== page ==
“Black women on the cover don’t sell magazines.” That bit of white mainstream market propaganda masquerading as fact has long been accepted as truth, but recent developments tell a much more colorful story.
W magazine’s February 2014 “Movie Issue” is celebrating six actors whose stellar theatrical performances transfixed audiences across the country. Included among these actors is Hollywood it-Girl and Yale School of Drama graduate Lupita Nyong’o, who breathed exquisite, tortuous life into “Patsy” in Stephen McQueen’s 12 Years A Slave.
Also included is media mogul, philanthropist and actor Oprah Winfrey, whose critically acclaimed performance in Lee Daniel’s The Butler is garnering Golden Globe buzz.
Kerry Washington, who has rebelled against respectability politics and one-dimensional depictions of black women as ultimate DC political fixer “Olivia Pope” in Shonda Rhimes’ hit ABC series Scandal, has been featured on Vanity Fair, Elle and Lucky magazine covers in recent months.
Zoe Saldana, who sparked contentious debates when she accepted the coveted role of Nina Simone, The High Priestess of Soul, appears on the February cover of Lucky (that’s two months in a row for WOC covers for Lucky) and has also graced the cover of Allure magazine.
Each one of these talented and accomplished Black women are or will be featured on the cover of mainstream magazines just as Hollywood award season jumps into full swing. That pivotal timing has many implications and one thing is clear: White magazines are betting on black women as never before.
This is not to say that black faces in traditionally white spaces is a completely new development.
Beverly Johnson, Peggy Dillard, Shari Belafonte Harper, Naomi Campbell, Michelle Obama, Halle Berry, Beyonce, Jennifer Hudson, Winfrey, and several others, have all graced the cover of Vogue magazine over the years. But the pomp and circumstance surrounding each cover literally transformed them into social, cultural and racial Rorschach tests:
What do you see when black women are placed on the cover of white magazines, particularly when no interest in black women is on display within its pages?
In black magazines from EBONY to Essence, our beauty is celebrated and cultivated in all of its manifestations in ways that so-called mainstream magazines could never understand. Black magazines nurture black beauty with the gentleness and fierce protectiveness of mothers who hold mirrors to their daughters’ faces to trace their features, interrupting destructive messages that tell black girls, “You could never be beautiful because you could never be white.”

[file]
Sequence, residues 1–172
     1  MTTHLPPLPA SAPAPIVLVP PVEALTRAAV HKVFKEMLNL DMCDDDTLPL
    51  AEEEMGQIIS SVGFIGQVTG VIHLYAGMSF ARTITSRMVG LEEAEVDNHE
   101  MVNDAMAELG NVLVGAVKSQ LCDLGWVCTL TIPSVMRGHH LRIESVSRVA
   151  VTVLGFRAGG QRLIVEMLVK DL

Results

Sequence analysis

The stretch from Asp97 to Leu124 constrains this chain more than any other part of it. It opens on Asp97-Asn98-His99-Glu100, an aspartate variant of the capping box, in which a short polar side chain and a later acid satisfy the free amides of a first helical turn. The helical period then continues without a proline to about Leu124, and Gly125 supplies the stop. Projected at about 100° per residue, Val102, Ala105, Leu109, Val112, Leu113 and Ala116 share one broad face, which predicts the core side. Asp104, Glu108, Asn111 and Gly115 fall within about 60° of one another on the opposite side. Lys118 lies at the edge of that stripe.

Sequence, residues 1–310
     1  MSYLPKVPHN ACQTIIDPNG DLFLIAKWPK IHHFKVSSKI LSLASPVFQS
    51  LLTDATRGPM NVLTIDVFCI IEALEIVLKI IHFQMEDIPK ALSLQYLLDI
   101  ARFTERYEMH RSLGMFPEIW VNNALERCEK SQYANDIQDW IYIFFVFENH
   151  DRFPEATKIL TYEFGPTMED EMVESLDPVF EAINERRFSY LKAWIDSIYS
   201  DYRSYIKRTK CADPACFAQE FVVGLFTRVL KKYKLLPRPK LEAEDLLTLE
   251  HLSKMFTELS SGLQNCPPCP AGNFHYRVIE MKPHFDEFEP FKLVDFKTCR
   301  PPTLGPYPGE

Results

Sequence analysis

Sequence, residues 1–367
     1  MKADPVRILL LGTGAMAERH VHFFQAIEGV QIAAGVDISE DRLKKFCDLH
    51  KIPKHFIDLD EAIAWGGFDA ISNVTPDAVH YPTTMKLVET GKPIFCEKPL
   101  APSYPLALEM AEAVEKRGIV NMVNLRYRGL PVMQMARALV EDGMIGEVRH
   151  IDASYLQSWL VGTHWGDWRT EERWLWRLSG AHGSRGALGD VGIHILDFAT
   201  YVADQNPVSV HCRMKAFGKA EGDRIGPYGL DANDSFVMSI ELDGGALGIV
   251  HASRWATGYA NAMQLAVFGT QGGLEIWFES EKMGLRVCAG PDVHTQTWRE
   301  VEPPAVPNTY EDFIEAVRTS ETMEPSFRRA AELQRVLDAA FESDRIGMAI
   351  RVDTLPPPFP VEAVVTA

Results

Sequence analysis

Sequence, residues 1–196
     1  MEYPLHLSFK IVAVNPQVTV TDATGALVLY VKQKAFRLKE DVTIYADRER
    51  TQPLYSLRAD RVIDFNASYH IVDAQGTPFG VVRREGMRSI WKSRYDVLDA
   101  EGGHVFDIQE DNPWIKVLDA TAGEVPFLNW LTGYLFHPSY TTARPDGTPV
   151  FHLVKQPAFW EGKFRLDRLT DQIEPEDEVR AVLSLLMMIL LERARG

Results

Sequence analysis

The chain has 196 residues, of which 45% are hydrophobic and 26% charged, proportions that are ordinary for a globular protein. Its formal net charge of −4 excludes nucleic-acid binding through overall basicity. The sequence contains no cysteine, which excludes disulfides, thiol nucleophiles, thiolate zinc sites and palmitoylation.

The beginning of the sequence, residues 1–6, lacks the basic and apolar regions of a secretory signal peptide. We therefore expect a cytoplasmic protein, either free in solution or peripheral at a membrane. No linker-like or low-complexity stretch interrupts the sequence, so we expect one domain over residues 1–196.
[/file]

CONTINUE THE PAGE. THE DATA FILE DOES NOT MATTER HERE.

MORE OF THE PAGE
So the acknowledgment of diverse representations of womanhood on mainstream magazine covers should not suggest that black magazines aren’t important. They are ours and they will always be necessary. Jada Pinkett Smith once asked:
“…if we ask our white sisters, who tend to be the guardians of the covers of mainstream magazines, to consider women of color to grace these covers, should we not offer the same consideration to white women to grace our covers?”
No, Jada. The simple answer is no.
The racial and ethnic integration of whitewashed magazine covers is important because they have never truly been about beauty. They have stood as beacons of white authority. They have affirmed for white women that they are the unattainable standard.
If even one vestige of white supremacy is allowed to thrive, institutionalized racism will adapt to its new surroundings and continue to flourish like the virus that it is — and that cannot be allowed.
Black women must exist in a world where we don’t need to fit in to be allowed to stand out. We are exceptional in our ordinariness and ordinary in our exceptionalness — and that is exactly as it should be. Our “otherness” can no longer be used to shame and silence us because we have waged fierce battles against the marginalization of our beauty – and we have won. Time and time again, we have won.
Beauty lies not merely in the superficial symmetry of facial features, but in an unspoken truth: barriers have been shattered, prejudices are being smashed and racism and colorism in fashion and beauty are slowly crawling bloody and bruised toward insolvency.
The unfurling diversity in mainstream magazines, on full display with Lupita, Zoe, Oprah and Kerry, says to White America: “Not anymore.”
You will accept our wide hips, our full lips, our curls, kinks and naps. You will embrace our skin, so powerful it kisses the sun. You will stop and be compelled to purchase magazines because of our eyes peering at you from the cover — dark like secrets and ocean and magic and midnight skies. You will grow to understand that this beauty is American. This beauty is African. You will be forced to see us and realize that our beauty tells stories without uttering a single word.
This shift in cultural awareness became necessary because our talent, multi-faceted beauty and axis-tilting influence simply became too huge to deny.
And it’s about time.